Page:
Board of Education meets

    Juneau, Alaska (KINY) A new name for Juneau-Douglas High School and creation of a list of priorities for the state legislative session topped the agenda for the monthly meeting of the CBJ Board of Education tonight.

    The JDHS students met with elders and leaders that represent the Aak'w Kwaan and T'aaku Kwaan at the Douglas Indian Association tribal offices last Spring.  They expressed an interest in why the school had not been given a Tlingit name like other district schools. 

    The students were gifted a Tlingit name Kale.  This translates to beautiful adorned face.  The name references a Tlingit narrative in which Kale represents one's sense of gratitude and utter relief as the face of the mountain and safe harbor comes into view after a long, perilous and trying journey.

    Juneau Douglas is located at the base of this mountain.  The school administration recommended acceptance of the Tlingit name as it would remind the local community of its history and heritage. 

    Students felt it would be welcoming for the school to add the name, add cultural acceptance, and highlight the long traditions of the Tlingit people.  School officials said students became more and more insistent of having a Tlingit name.  Students took an interest in the project, learned the procedure for the name change, and gave a lot of effort to make this happen.

    David Katzeek said all peoples have ancestors and there is something in a name.  "The Tlingit people have been giving names to the land for over 10,000 years.  Most of the time you give names to places because you love it, you have memory of it, and have a relationship with it."

    "To me this is one of the greatest efforts in education because you will acknowledge and accept people that have generations of historical trauma."

    Katzeek said he has two names and they are not trying to take away the name of Juneau-Douglas.  He graduated from JDHS in 1962.  "I'm here to encourage you and let you know how much I appreciate your consideration of this gift of a name.  It is just not for us as Tlingit people.  It gives the heart of why were doing what were doing."

    He said the name shows high esteem for the school from the Tlingit people.  He remembered a teacher at JDHS who told him there was nothing he couldn't do and nothing that he couldn't achieve.

    The Board approved the first reading of the name change and will take a final vote at the January 8 board meeting.

    The Board supported the creation of a Superintendent candidate profile to help identify a permanent superintendent.  The board plans to make a decision on how to proceed with the search at the January meeting.  The board discussed leadership, honesty with transparency,  communication skills, experience as a teacher and administrator, budget work, and other qualities.  They held an hour long work session earlier in the day to discuss the position.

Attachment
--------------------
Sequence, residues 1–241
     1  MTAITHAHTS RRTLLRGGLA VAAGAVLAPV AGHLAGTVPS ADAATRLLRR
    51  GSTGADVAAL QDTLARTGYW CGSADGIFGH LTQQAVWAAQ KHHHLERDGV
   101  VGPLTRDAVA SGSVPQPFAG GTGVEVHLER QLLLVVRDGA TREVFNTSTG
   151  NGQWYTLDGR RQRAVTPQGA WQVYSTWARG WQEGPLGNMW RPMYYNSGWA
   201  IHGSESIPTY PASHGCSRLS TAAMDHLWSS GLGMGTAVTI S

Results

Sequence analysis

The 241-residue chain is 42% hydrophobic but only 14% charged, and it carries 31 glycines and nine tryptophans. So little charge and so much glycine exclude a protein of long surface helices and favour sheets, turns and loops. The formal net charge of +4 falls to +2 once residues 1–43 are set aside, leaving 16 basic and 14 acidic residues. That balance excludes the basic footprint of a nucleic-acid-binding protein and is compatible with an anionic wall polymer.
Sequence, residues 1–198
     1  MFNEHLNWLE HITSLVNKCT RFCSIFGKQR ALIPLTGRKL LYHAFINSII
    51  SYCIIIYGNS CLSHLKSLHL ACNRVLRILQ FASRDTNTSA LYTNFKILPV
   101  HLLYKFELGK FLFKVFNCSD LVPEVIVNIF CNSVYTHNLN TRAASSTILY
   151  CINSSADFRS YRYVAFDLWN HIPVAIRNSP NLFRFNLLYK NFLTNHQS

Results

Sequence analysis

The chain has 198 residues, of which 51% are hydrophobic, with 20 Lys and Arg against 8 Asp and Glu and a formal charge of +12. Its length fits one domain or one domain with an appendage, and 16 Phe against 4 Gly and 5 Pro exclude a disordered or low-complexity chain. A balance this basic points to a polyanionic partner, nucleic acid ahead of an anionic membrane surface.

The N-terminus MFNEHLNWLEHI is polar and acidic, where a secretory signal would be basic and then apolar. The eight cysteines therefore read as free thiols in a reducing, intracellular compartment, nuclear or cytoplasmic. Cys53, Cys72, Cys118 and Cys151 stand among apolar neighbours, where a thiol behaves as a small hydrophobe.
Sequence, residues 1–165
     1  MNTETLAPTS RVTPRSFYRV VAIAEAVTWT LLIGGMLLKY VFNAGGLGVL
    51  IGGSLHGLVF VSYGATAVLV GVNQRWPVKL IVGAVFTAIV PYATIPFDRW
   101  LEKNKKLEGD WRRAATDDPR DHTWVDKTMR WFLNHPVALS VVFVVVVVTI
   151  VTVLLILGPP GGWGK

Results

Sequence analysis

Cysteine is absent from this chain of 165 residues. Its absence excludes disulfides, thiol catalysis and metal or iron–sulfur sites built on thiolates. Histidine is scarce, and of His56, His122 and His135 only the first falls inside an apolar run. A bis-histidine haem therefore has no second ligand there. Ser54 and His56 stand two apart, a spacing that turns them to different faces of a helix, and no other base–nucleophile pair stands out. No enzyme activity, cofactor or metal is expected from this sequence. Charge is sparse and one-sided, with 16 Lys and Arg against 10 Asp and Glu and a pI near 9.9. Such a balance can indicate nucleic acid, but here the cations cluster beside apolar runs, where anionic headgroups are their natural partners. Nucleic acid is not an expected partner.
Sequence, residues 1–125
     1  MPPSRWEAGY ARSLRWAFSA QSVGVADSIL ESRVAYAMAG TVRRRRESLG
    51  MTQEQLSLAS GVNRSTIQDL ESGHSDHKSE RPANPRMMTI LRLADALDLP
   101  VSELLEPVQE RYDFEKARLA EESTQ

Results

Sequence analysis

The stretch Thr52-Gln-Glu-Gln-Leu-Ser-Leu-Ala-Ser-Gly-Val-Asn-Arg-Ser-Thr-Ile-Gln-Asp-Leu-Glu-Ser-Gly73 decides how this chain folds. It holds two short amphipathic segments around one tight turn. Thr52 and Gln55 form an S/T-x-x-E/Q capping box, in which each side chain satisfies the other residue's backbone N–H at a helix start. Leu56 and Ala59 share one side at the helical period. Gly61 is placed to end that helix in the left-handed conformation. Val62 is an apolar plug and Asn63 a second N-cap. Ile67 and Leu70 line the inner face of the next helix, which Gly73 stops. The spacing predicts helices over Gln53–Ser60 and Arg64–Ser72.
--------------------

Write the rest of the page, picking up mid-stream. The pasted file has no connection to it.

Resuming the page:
The profile will include a desire for experience like administrative complexity in large budgets, leadership, being a positive role model for staff and students, and being an instructional leader with vision.  Under management, an emphasis on decision making capability, a willingness to delegate and experience with collective bargaining.  Under communications, an emphasis on visibility in classrooms and schools, transparency and honesty and be proactive in communications.  In supervision, to add accountability and high expectations for staff with a strong work ethic, leading by example, and emphasize that parents connect with their child's learning and have meaningful participation.  The candidate must also be active in the community and demonstrate state wide legislative leadership capability.  They decided not to restrict the profile to mention local candidates only.

    Project Three Squares, an effort by Superbear and Foodland IGA to help feed local families, was highlighted on the monthly spotlight of success.  They send food home with students at the Christmas break, spring break and the summer break.  They accept donations from the sale of reusable bags that include a local artist rendition of the Mendenhall Glacier.  Employees also make donations.

    Interim Superintendent Dr. Bridget Weiss has scheduled listen and learn sessions at each school site this month.  She said the input from staff is very valuable.

    The Board approved the first reading of a budget revision to allow for the return of retirement and benefits.  Employees who cashed out their retirement funds before they were vested in the retirement program.  The district share of forfeited funds if about $513,972.

    The district also received one time funds from the Legislative Operating grant of $592,979.

    The Board also requested the Assembly fund school district at the cap.  The district had an increase of seven students and nine more students who need intensive needs.  They requested an additional $136,385 from the CBJ.

    State legislative priorities this year include a plan for Juneau schools to implement recommendations from the Tlingit Language Revitalization Task Force, more funds to insure more students read at grade level by the end of the third grade.   They suggest funding summer school for second graders who are struggling in reading.  Priorities include early, adequate and predictable funding of public education, support for STEM education, fund for school infrastructure needs,


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